(press release: cdklawyers) // Dallas, Texas // Keith Clouse
President Obama signed into law the Defend Trade Secrets Act of 2016 (“DTSA”). For the first time, companies and employers have a federal civil remedy for an employee’s misappropriation of trade secrets. In general, “[a]n owner of a trade secret that is misappropriated may bring a civil action under [the DTSA] if the trade secret is related to a product or service used in, or intended for use in, interstate or foreign commerce.” If this jurisdictional burden is not met, an employer’s only remedy may be under the Texas Uniform Trade Secrets Act.
As courts begin to hear cases brought under DTSA, what should employers take away today?
(1) Whistleblower Notice Provision:
Employers must update their confidentiality agreements to include a “whistleblower” notice provision. The DTSA requires employers to provide employees with notice of their immunity from DTSA liability should they disclose trade secrets to government officials for the sole purpose of reporting or investigating suspected violations of the law. 18 U.S.C. § 1833(b)(1). Failure to do so could prohibit recovery of exemplary damages and attorneys’ fees that may otherwise be available under the DTSA.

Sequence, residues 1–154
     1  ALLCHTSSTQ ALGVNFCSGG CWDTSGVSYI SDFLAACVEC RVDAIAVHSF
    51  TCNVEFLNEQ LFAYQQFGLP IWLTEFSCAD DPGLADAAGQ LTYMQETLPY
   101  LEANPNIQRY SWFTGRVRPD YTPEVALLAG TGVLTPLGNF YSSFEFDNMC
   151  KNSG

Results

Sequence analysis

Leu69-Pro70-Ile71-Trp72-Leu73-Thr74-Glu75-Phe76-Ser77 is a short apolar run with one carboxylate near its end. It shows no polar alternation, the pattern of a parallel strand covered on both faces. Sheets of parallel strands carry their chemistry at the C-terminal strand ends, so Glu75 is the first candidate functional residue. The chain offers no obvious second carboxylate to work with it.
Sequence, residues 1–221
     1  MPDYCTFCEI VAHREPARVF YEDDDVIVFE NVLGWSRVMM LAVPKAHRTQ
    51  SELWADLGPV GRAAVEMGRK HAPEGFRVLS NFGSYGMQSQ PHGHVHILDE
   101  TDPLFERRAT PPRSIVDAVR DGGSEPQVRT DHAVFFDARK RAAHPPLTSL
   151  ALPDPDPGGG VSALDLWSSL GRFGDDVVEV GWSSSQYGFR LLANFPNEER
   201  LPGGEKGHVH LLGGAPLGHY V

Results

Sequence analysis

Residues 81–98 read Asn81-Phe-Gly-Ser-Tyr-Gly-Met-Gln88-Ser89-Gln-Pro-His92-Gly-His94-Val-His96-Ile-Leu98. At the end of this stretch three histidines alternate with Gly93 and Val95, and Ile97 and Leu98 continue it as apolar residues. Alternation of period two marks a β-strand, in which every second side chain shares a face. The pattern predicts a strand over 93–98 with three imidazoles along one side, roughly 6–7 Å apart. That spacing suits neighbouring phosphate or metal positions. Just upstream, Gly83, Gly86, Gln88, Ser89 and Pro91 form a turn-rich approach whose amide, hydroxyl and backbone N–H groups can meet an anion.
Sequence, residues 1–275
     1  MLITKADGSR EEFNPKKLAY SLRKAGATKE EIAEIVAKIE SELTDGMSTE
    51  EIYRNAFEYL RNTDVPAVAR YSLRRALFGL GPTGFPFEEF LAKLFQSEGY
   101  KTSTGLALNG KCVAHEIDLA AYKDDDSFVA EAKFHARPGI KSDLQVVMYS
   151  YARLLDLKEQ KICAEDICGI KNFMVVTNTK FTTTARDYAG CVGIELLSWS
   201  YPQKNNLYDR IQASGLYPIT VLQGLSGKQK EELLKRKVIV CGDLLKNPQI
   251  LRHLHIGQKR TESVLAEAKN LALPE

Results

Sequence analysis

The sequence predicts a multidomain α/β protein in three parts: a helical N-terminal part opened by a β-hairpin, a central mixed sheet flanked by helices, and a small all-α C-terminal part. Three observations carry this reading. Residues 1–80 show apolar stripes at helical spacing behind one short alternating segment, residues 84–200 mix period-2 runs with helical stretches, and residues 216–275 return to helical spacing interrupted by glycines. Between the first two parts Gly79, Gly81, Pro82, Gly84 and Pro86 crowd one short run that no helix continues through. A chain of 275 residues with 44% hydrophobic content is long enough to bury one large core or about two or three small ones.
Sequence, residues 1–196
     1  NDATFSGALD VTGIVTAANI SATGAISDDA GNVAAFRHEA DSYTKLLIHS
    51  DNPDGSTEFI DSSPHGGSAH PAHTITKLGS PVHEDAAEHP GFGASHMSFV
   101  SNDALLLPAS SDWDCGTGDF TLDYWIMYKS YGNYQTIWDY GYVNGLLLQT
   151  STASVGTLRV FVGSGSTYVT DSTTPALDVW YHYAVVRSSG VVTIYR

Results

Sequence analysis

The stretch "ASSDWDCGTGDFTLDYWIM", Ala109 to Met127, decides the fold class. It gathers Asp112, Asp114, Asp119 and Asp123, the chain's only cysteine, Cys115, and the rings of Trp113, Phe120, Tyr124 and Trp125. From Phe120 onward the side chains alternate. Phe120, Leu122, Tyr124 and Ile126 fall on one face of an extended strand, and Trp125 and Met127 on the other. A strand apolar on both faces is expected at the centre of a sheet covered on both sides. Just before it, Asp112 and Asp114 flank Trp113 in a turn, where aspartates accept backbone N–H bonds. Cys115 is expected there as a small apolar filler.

(2) Ex Parte Orders:
The DTSA also provides for ex parte orders “providing for the seizure of property necessary to prevent the propagation or dissemination of the trade secret that is the subject of the action.”18 U.S.C. § 1836(b)(2)(A)(i). The burden to obtain this civil seizure procedure is stringent and is only available in extraordinary circumstances. However, it is important to note, the Texas Uniform Trade Secrets Act does not have a similar provision.
To speak to an employment law attorney about non-compete agreements, send an email to email@example.com or call (214) 239-2705. This article is presented by the Dallas employment law lawyers at Clouse Dunn LLP.